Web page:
Men In Black III 3D
DIRECTOR: Barry Sonenfeld
CAST: Will Smith, Josh Brolin, Tommy Lee Jones and Jermaine Clement
CLASSIFICATION: 10 LVMA
RUNNING TIME: 103 minutes
The Galaxy Defenders who won’t let you remember are back at it. Tommy Lee Jones is looking old, Will Smith can’t really move like he used to and Josh Brolin’s face looks likes it was sandwiched in those huge irons the women in Prisoner Cell Block H used once upon a time. But he’s meant to be stiff, after all – he plays the role of a young Agent K, whom you all know as Jones’s character in the past two Men In Black flicks. Here, fixing the past gives Earth a shot at a future.
In the 1960s, Agent K faced off with an alien called Boris The Animal (Clement) – although the creepy animal insists, “it’s just Boris”.
K locks the menacing thing up for four decades but not before he shoots the beast’s arm off. When this film starts, Boris uses Nicole Scherzinger and her cleavage to escape so he can get revenge on K by destroying Earth. Oh, to do that he has to space jump to the 1960s to change the course of history by killing K – and being able to keep his arm, too.
It’s 14 years since Agent J (Smith) has joined the MIB and, as expected, he is still rather fond of the uptight K (Jones). So when Boris comes back to claim what he believes is rightfully his, J decides to travel back in time so he can stop Boris and save K.
Space-jumping isn’t as cool as they make it sound here, though. From a wing at the Empire State Building, you must plunge towards the concrete, but before your face hits the street you press a button that allows you to take the scenic route. After you dodge the jaws of the dinosaurs you end up in the 1960s.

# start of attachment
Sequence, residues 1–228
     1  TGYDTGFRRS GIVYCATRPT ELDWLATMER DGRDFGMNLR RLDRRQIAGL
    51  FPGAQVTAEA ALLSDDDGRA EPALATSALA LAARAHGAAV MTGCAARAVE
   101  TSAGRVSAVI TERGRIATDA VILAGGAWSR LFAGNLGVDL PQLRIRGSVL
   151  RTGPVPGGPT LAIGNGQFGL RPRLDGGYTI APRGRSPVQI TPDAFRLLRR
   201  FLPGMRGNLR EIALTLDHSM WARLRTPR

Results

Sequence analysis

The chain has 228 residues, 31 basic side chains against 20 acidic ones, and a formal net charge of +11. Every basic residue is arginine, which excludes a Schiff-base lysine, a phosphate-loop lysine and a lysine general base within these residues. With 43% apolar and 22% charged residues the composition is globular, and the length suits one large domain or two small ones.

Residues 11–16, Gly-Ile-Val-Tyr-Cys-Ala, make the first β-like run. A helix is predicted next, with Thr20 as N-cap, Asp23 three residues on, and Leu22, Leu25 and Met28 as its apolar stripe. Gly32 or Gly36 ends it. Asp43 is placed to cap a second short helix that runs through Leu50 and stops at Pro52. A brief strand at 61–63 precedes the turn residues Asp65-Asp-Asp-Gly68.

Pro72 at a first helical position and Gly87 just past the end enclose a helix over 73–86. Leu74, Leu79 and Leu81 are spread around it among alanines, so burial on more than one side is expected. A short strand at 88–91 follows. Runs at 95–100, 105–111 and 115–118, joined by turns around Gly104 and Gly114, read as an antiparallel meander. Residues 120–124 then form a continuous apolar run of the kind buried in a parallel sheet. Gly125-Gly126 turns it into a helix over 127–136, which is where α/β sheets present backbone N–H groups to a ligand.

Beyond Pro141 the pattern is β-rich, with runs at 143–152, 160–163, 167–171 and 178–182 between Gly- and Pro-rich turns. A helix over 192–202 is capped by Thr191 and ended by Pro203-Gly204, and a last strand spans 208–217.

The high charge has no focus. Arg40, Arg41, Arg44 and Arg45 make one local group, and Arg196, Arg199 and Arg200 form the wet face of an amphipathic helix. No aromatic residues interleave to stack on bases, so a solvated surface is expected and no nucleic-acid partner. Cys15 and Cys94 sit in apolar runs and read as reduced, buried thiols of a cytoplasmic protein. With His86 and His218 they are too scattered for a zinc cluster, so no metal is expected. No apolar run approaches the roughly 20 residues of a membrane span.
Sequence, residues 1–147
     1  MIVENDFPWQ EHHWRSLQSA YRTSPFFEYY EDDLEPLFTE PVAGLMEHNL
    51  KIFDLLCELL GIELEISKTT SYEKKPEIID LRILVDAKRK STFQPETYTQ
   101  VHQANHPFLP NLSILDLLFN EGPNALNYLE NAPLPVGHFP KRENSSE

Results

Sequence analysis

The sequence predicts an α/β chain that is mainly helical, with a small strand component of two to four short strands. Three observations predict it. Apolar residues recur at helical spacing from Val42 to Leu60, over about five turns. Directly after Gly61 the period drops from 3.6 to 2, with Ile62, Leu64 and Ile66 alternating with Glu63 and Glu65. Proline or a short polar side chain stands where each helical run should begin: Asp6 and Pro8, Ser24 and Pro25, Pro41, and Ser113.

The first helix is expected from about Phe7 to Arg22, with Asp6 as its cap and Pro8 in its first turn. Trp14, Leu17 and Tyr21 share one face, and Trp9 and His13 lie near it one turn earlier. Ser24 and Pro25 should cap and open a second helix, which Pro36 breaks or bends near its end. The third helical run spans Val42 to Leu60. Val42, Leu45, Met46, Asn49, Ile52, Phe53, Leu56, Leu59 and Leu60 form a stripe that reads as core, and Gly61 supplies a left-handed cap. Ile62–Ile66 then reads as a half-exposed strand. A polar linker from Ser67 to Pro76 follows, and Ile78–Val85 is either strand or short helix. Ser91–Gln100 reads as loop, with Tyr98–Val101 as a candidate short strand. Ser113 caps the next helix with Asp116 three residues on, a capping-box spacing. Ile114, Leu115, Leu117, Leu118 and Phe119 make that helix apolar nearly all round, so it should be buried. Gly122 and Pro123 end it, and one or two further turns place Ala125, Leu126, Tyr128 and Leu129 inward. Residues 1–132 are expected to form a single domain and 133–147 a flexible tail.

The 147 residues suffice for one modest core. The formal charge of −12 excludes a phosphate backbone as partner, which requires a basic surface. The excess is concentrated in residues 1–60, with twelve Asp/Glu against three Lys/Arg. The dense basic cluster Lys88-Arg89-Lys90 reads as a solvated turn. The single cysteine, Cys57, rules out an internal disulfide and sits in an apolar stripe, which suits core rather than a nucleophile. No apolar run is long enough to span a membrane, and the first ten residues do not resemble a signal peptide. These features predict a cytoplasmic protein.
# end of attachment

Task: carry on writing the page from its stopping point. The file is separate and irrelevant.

And even if you didn’t do history at high school, you know that the era of the hippies didn’t come before T-Rex, right?
Anyway, being the black guy sent from the future to save the world in a year when “it wasn’t a great time for your people” (as someone tells J), there is surprisingly very little resistance to this debonair dude walking around like he owns the place. The young Agent K (Brolin) is impressive in his ability appear cold but become a big, sweet Caramello Bear when it comes to J. But young K doesn’t get any brownie points for name-dropping Janis Joplin or knowing Andy Warhol. Without being a spoil-sport, I can tell you that it’s not because K is suddenly a cool dude.
The MIB are in the business of lying to people to protect them, so there.
And it’s a relief to know that the secret agency has come a long way since the age of Flower Power. Sure, they still wear black suits and cool wayfarers but thank goodness they did away with those extremely phallic neurolisers. What hasn’t changed through the ages is the bromance.
Not only does the chemistry between Lee Jones and Smith look as palpable as it did a decade ago, but now Smith and Brolin also work well together. If there is a fourth MIB, it wouldn’t be surprising if Brolin takes Jones’s place permanently. After all, as Agent J says to an old Agent K: “I’m getting too old for this. I can only wonder how you feel.”